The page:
This dual wiregate model is the epitome of light and fast. It is the second lightest locking carabiner on the market, losing that title by a mere 2g. The dual wiregates will not seize up from ice, grit, or snow. If you plan on heading into harsh alpine conditions, this is the only locking carabiner you should take with you.

Mega K6G

mega-carabiner-min

The Mega is the belay carabiner of choice. While the die-hard weight fanatics may choose the lightest option for all of their locking carabiner needs, a purpose-built belay carabiner offers advantages. The rounded surface of the carabiner is kind to your rope, reducing wear and tear. The size of the carabiner makes handling a breeze and can hold many strands of rope. Finally, the double solid gate turns a normal carabiner into a seemingly bombproof loop of metal.

Lambda K7G

lambda-carabiner-min

The Lambda offers the same advantages of the Mega as a dedicated belay carabiner, but by combining one wiregate with one solid gate, it offers a 15g weight advantage.

Sigma K8G

sigma-carabiner-min

The Sigma features an offset D shape, making it perfect for ensuring the security of must-not-fail pieces of protection. Whether the crux comes after the first bolt or after a long runout, you can use the Sigma to eliminate the risk of the rope coming unclipped.

SYM K9G

sym-carabiner-min

While oval carabiners tend to be the least useful shape, Grivel offers them up for your old-school climbing pleasure.

Clepsydra K10G

clepsydra-carabiner-min

Anti-crossloading carabiners are becoming popular choices for belayers. Unfortunately, they are about as useful as chalking up before belaying. A good deal of Google-fu revealed a grand total of zero accidents in which a belay carabiner broke due to crossloading. I’m not saying it can’t happen, just that it hasn’t happened yet. An argument can be made that belaying is more comfortable on an anti-crossloading carabiner, but be warned: the Clepsydra won’t fit a GriGri.

In the writing of this article, I tried to make sense of the carabiner model numbers. My theory is as follows: K denotes that the product is an Italian karabiner, fancier than a regular English carabiner. Each karabiner then receives an identifying number. Finally, all Twin Gate carabiners are labeled with a G, which obviously stands for “f***ing awesome” in Italian.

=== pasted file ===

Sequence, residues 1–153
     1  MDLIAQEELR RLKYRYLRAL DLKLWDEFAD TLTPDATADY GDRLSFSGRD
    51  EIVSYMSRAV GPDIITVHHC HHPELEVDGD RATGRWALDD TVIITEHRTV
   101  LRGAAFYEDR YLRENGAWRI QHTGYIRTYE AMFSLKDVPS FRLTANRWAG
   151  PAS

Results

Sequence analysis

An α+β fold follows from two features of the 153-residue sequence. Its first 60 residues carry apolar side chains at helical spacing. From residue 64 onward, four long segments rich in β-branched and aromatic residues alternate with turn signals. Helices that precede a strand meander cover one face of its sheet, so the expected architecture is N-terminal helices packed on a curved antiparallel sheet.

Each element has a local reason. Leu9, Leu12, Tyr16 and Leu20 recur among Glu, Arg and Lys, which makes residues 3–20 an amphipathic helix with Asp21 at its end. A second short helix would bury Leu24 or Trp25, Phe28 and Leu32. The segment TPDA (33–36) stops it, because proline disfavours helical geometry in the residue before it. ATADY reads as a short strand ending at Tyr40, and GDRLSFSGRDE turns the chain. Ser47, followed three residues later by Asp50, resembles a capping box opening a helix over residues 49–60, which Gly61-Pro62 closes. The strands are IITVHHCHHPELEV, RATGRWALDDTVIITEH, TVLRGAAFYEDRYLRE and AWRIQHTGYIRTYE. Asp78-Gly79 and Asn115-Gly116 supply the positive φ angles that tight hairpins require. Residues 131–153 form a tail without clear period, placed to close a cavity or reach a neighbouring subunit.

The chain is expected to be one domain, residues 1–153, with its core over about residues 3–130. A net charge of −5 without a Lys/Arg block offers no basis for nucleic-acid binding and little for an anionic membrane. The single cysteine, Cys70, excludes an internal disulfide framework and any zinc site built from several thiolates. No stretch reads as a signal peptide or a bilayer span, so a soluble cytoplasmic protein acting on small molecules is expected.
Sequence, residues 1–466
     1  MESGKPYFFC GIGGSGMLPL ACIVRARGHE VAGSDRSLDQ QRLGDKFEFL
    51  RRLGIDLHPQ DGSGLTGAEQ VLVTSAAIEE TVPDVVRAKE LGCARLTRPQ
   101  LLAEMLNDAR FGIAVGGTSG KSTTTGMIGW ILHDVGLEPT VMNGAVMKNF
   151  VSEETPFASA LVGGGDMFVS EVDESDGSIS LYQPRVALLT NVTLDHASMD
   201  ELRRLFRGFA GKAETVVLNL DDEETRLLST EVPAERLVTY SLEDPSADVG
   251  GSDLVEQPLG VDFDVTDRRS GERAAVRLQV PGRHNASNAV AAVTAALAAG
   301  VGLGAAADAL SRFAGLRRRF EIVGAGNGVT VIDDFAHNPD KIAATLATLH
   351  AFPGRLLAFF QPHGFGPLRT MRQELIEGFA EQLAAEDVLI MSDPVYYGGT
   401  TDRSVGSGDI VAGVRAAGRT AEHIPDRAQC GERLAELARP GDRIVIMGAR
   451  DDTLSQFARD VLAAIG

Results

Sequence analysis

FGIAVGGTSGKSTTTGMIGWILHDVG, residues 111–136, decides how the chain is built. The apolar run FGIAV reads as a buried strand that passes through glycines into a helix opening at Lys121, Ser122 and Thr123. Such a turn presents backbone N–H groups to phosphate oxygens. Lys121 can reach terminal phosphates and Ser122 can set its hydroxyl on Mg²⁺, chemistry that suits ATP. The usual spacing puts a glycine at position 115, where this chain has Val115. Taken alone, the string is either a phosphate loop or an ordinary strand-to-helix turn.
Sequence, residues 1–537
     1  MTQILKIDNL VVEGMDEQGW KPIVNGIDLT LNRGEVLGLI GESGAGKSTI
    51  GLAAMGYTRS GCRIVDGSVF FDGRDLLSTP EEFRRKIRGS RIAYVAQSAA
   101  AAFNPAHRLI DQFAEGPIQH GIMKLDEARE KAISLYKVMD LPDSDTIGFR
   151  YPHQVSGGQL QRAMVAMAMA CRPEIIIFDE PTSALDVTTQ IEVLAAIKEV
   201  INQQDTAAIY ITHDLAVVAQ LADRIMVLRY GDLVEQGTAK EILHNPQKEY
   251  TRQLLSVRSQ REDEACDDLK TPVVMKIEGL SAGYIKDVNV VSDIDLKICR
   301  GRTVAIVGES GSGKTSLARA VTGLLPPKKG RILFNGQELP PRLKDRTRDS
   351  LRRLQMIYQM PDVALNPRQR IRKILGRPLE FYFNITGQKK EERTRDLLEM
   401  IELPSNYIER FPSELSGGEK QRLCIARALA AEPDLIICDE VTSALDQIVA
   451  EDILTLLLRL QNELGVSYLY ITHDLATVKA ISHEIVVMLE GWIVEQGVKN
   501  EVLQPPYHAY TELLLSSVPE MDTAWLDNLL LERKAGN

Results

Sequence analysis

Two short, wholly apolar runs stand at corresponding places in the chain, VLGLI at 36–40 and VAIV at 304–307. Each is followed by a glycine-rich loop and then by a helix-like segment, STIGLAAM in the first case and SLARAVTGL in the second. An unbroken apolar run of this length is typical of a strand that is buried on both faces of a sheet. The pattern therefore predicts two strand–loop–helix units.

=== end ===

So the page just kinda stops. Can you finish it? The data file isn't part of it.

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  • Steve T

    Good review. I’ve had an eye on Grivel’s design for a while and am glad to read your review. I’ve not used these but from handling them in the store clipping these takes some getting used to and I wonder if it’s something that I would stick with in the long run. Also using these with gloves may be much more challenging, just like any other auto locker. Your thoughts on using these in some filed testing would be most welcome – and I’d be more than pleased and grateful to help you with that if you’d send me a few samples ;).

    • Joel Ryan

      Hi Steve!

      I’ve used the Twin-Gates with gloves on, and I’ve even played around with them while wearing expedition mitts. While they are a bit more difficult to clip than a non-locking carabiner, I found them easier to use with gloves on than a screw gate. The outer gates all have notches on the sides, so it isn’t difficult to catch with a gloved finger. Once the outer gate is open, I slip it around whatever I’m clipping and pull to force the inner gate open. It’s a motion that you can’t use with any other type of carabiner and it does take a little getting used to, but I think it’s easier than most alternatives.

      I think it’s also important to mention that in a situation calling for gloves, there’s a likelihood you’ll have snow or ice. You don’t have to worry about these freezing up or seizing up, especially the wiregate model.